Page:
Sunday, June 08, 2014

Not a Pop Writer


As I’ve long argued at this blog, there are two kinds of fiction writers in America now. The cookie-cutter genre novelist, whose work seems stamped from an auto parts stamping factory, or the “literary writer,” whose work is just as predictable and generic, only less readable, more pretentious, and deliberately unexciting.

I’ve argued for the kind of “pop lit” that’ll bridge the divide. An increasing number of writers are arguing likewise—and more, trying to themselves create that new kind of fiction which can be “pop” fast and entertaining, but also meaningful and relevant at the same time. It’s an ambitious quest and a difficult enterprise.

Former zine writer Ann Sterzinger once showed promise at creating new pop fiction. She wrote short-but-powerful stories which were dramatic and moved at a good pace. They were fun, often upsetting, always fascinating reads.

Then Ann decided to become “educated.” In the process she adopted the worst aspects of the academy-spawned literati.

That’s my conclusion anyway after reading about a third, so far, of one of Ann’s recent Nine Band Books novels, NVSQVAM (Nowhere).

The novel is an interminable narrative consisting mostly of Henry James-style interior monologues filled with doctoral-student banalities—most dialogue put in italics to further alienate the general reader. The objective is to impress rather than enlighten, much less (gasp!) entertain.

The viewpoint is impossibly solipsistic. The novel includes footnotes. Footnotes! A la everyone’s favorite unreadable author David Foster Wallace. “Look at Me!” the writer is saying. “I know something.” (Or, I did not completely waste the dollars spent on my education.)

There’s the ghost of a good story buried under the verbiage. Plenty of cynicism and wit—diluted by the banality of life. Likely the banality is the point—but who needs to read it? We live it. Most of us read to escape from the mundane and the disappointing.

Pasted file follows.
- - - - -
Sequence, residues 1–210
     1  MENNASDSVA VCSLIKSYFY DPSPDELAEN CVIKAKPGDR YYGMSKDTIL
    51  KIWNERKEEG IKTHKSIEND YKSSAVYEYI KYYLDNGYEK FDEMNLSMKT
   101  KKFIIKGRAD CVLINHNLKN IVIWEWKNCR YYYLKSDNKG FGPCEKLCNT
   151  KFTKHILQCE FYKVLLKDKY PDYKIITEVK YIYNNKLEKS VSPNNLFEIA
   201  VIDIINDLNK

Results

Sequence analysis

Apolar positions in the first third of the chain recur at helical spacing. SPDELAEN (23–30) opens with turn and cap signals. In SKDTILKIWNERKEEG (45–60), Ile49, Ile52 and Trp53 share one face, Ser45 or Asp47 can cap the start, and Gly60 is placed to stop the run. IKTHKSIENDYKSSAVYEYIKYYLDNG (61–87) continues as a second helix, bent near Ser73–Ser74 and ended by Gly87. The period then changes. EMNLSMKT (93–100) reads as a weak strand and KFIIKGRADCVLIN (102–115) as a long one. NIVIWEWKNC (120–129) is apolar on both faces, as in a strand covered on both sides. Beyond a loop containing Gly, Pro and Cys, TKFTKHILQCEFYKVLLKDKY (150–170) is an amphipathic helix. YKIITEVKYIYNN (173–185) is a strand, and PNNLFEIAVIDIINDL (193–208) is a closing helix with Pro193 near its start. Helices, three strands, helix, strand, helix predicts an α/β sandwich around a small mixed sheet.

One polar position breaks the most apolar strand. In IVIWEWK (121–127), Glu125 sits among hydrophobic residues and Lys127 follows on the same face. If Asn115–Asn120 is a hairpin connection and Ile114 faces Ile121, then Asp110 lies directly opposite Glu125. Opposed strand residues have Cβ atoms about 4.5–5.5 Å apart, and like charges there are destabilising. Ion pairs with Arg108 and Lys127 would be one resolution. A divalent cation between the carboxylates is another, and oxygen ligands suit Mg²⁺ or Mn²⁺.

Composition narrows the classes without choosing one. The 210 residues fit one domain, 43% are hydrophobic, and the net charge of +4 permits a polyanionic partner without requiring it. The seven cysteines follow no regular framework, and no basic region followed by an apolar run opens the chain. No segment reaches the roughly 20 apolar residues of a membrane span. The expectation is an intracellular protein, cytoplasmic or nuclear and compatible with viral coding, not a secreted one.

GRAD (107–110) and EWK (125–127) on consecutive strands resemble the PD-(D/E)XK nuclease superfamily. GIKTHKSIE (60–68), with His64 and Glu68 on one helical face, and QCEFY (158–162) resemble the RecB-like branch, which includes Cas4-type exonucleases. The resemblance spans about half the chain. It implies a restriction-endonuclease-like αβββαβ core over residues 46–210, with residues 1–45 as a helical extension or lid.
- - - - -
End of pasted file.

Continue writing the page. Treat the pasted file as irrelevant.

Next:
An excerpt:

“He wasn’t walking toward the health center quite yet; he was walking
toward the big pink mall that squatted across the highway from the Wal-
Mart. He had planned to spend the morning editing his dissertation, but
two clauses into it his head had begun to pound. He thought at first that
he was dying of a stroke, but the pounding stopped whenever he looked
away from the computer screen. So he turned it off—why bother, when
the review committee would dutifully find fault no matter what?—and
found time on his hands. He had needed to buy new walking shoes for
months. He asked himself why, if he really needed a shrink, the mild
irony of walking through traffic to the mall so he could buy walking
shoes didn’t upset him more.”

In and of itself, it’s a fine paragraph. Well written, wise-eyed and all that—but unendurable when there are two hundred other finely written paragraphs just like it.

The old maxims of writing hold true. SHOW us on occasion, don’t just tell us. FIND a proper mix of narrative and scene. Bring pictures of what’s happening to the mind’s eye. Create a plot. Plant hooks. Have pace. BE dramatic.

There’s no effort to impose structure—sense and order—on the writing. That would be too condescending. Too beneath the intelligent writer, whose sense of intelligence, expressed solipsistically, is all. (Yet design—structure—is an expression of intelligence.)

Here I was worried about the readability of my new novella (ASSASSINATION OF X) and worked to impose order on the viewpoints and ideas—chapter numbers and the like-- so that the unwary reader stumbling upon it would be able to follow what’s happening. But let’s not bring that much-scorned creature the reader into the equation!

And so books written with clarity—no matter how shitty—control the marketplace, while authors capable of writing intelligently vomit out their intelligence in a stream of nonsensical consciousness, lest they’re thought to be pandering to the demands of the marketplace. It’s a willful need for obscurity.


(I Challenge Ann, and anyone else, to write a pop story that’s intelligent, fast-paced, dramatic and entertaining. I know someone putting together a new project who’ll be looking for such stories. People, please let me know if you or anyone you know can create that new story: can give us exciting new art.)

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